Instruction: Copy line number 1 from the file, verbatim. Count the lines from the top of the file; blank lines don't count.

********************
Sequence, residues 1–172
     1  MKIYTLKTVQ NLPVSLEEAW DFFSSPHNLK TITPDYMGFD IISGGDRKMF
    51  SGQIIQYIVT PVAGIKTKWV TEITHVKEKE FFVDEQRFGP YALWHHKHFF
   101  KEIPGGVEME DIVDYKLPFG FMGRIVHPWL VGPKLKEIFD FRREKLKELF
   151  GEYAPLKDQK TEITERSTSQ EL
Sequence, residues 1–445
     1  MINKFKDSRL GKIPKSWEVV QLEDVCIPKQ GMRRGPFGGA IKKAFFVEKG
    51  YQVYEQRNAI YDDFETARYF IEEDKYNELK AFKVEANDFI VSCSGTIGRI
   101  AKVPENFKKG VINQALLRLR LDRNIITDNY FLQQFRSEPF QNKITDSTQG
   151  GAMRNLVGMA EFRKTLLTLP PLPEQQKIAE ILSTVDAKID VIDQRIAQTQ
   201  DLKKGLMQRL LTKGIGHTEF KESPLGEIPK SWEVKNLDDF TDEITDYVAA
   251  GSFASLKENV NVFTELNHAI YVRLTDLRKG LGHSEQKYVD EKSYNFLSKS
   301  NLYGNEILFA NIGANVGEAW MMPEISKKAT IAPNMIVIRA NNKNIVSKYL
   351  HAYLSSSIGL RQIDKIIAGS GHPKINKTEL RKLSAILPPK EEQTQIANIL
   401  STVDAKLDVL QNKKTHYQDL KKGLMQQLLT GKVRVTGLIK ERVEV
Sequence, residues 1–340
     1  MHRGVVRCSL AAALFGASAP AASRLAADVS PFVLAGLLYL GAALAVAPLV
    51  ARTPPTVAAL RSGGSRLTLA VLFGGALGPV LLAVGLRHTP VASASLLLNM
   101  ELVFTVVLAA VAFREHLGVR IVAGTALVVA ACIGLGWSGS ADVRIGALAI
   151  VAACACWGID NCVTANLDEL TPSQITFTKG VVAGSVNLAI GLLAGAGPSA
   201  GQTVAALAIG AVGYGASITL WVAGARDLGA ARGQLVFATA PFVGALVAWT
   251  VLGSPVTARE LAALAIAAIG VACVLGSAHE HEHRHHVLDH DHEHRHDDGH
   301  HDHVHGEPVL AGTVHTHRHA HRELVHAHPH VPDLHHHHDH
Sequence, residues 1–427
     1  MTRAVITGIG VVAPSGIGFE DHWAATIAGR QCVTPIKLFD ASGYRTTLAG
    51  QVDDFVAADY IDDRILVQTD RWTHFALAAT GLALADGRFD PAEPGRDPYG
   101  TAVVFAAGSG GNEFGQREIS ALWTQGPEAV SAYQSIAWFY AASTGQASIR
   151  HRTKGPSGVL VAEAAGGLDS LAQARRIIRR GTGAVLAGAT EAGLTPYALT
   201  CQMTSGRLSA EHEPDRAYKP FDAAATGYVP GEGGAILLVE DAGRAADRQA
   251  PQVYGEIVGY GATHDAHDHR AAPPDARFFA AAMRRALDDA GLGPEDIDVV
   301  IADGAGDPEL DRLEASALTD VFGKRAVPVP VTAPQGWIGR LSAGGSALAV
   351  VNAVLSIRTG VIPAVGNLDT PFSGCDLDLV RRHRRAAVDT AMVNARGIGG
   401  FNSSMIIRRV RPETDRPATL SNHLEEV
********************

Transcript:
Sequence, residues 1–172